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Description

Rare engraved view of the city of Lubin in southwest Poland, published in Amsterdam, about 1721, by Covens & Mortier.

The view was originally engraved for Braun & Hogenberg's Civitates Orbis Terrarum in 1617. The plate was eventually acquired by Jan Jansson, before going to Covens & Mortier. The central title cartouche was obliterated from the plate and replaced by the simple ribbon title, though evidence of the re-engraving can still be seen in the sky.

The coat of arms in the upper-right corner is that of the City of Lublin, featuring a billy goat climbing on vines. The lefthand coat of arms is the white eagle on a red field representing Poland.

Jewish History in Lublin

Lublin was one of Poland's most important Jewish communities from roughly the second half of the 16th century. Jews established a widely respected yeshiva, Jewish hospital, synagogue, cemetery, and education center (kahal) and built the Grodzka Gate (known as the Jewish Gate) in the historic district. Jews were a vital part of the city's life until the Holocaust, during which many were relocated to the infamous Lublin Ghetto and ultimately murdered.

The yeshiva became a center of learning of Talmud and Kabbalah, leading the city to be called "the Jewish Oxford." In 1567, the rosh yeshiva (headmaster) received the title of rector from the king along with rights and privileges equal to those of the heads of Polish universities.

Though it was published in 1721, this view represents the city circa 1617.

Johannes Covens Biography

Johannes Covens (1697-1774) was a Dutch geographic publisher based in Amsterdam. He is best known for his collaboration with fellow publisher Cornelis Mortier (1699-1783). Pierre Mortier the Elder (1661-1711) had obtained a privilege in 1690 to distribute the works of French geographers in the Netherlands. After his widow continued the business for several years, Cornelis took over in 1719.

In 1721, Mortier forged a partnership with Covens, who had recently married Cornelis’ sister. They published under the joint name of Covens & Mortier. In 1774, upon the death of his father, Johannes Covens II (1722-1794) took over his father’s share. In 1778, the company changed its name to J. Covens & Zoon, or J. Covens & son.

Covens II’s son, Cornelis (1764-1825), later inherited the business and brought Petrus Mortier IV back into the fold. Petrus was the great-grandson of Petrus Mortier I. From 1794, the business was called Mortier, Covens & Zoon, or Mortier, Covens, & Son.

The business specialized in publishing French geographers including Deslisle, Jaillot, and Sanson. They also published atlases, for example a 1725 reissue of Frederik de Wit’s Atlas Major and an atlas, with additions, from the works of Guillaume Delisle. There were also Covens & Mortier pocket atlases and town atlases. The company profited from acquiring plates from other geographers as well. For example, the purchased Pieter van der Aa’s plates in 1730. Finally, they also compiled a few maps in house. At their height, they had the largest collection of geographic prints ever assembled in Amsterdam.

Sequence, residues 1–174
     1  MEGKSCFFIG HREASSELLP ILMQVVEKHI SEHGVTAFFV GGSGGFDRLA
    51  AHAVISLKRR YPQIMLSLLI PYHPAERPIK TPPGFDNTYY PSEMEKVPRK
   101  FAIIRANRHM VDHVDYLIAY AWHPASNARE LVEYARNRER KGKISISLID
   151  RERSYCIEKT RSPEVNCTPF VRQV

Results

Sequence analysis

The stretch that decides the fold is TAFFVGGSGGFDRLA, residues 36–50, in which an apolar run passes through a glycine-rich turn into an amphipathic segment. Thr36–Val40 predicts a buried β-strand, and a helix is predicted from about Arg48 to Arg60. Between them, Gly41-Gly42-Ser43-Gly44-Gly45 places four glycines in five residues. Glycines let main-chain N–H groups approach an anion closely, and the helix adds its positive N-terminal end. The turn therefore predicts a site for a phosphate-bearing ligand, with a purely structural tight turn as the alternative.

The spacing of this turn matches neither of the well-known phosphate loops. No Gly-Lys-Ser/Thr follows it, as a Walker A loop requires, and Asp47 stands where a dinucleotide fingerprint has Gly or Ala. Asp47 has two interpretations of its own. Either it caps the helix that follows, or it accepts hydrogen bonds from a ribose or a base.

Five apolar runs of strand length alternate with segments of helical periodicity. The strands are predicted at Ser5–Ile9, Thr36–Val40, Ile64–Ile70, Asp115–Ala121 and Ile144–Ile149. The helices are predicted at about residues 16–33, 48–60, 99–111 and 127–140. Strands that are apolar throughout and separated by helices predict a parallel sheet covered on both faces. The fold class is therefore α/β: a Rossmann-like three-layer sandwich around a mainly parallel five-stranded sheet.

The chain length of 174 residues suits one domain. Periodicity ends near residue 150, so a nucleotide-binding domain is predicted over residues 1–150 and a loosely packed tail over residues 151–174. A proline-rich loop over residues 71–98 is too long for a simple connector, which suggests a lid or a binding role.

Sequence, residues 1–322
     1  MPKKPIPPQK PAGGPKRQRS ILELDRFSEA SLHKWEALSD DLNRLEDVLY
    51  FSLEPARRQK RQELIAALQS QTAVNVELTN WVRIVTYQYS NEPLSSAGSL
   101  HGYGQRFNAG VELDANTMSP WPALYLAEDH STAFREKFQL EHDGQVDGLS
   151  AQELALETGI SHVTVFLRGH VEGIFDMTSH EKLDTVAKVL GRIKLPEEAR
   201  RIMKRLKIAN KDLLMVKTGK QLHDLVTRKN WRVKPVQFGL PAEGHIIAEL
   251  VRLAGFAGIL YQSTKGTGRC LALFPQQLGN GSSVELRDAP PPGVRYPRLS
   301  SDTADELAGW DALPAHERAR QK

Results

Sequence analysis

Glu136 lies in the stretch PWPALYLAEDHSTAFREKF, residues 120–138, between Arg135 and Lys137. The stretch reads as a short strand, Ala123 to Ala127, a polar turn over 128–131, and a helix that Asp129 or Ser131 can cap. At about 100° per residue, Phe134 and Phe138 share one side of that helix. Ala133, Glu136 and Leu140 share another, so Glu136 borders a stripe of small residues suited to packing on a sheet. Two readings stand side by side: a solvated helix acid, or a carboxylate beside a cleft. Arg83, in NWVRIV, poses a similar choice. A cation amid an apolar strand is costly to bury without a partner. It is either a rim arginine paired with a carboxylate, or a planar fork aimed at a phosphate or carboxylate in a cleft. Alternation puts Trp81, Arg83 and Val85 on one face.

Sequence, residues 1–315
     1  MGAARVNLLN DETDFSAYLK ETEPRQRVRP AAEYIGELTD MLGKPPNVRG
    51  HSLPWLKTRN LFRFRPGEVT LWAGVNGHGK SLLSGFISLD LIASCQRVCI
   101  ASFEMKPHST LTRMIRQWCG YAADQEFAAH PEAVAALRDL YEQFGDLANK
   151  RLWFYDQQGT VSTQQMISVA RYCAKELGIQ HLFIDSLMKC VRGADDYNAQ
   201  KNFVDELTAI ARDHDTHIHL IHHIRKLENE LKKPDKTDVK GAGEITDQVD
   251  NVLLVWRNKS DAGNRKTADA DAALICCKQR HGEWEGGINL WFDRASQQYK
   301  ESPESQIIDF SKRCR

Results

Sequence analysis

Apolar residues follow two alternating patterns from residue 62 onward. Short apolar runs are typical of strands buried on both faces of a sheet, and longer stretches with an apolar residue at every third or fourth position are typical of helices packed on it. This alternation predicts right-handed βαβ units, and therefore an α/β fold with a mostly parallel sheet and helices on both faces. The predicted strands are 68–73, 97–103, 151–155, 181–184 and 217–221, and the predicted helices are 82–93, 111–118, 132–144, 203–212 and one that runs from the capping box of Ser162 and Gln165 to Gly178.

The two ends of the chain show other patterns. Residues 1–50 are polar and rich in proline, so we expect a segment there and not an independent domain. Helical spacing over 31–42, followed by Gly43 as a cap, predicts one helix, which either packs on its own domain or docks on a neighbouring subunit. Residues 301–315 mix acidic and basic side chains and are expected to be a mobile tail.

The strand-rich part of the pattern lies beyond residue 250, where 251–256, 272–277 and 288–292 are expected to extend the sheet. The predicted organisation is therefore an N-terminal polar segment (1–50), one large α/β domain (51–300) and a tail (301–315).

Cornelis Mortier Biography

Cornelis Mortier (1699-1783) was a Dutch publisher who specialized in geography. Cornelis’ father, Pierre Mortier the Elder (1661-1711), had obtained a privilege in 1690 to distribute the works of French geographers in the Netherlands. After his widow continued the business for several years, Cornelis took over in 1719.

In 1721, Mortier forged a partnership with Johannes Covens, who had recently married Cornelis’ sister. They published under the joint name of Covens & Mortier. Their firm was one of the largest and most successful in Dutch history and continued in business until the late-nineteenth century.

In 1774, upon the death of his father, Johannes Covens II (1722-1794) took over his father’s share. In 1778, the company changed its name to J. Covens & Zoon, or J. Covens & Son. Covens II’s son, Cornelis (1764-1825), later inherited the business and brought Petrus Mortier IV back into the fold. Petrus was the great-grandson of Petrus Mortier I. From 1794, the business was called Mortier, Covens & Zoon, or Mortier, Covens, & Son.

The business specialized in publishing French geographers including Deslisle, Jaillot, and Sanson. They also published atlases, for example a 1725 reissue of Frederik de Wit’s Atlas Major and an atlas, with additions, from the works of Guillaume Delisle. There were also Covens & Mortier pocket atlases and town atlases. The company profited from acquiring plates from other geographers as well. For example, the purchased Pieter van der Aa’s plates in 1730. Finally, they also compiled a few maps in house. At their height, they had the largest collection of geographic prints ever assembled in Amsterdam.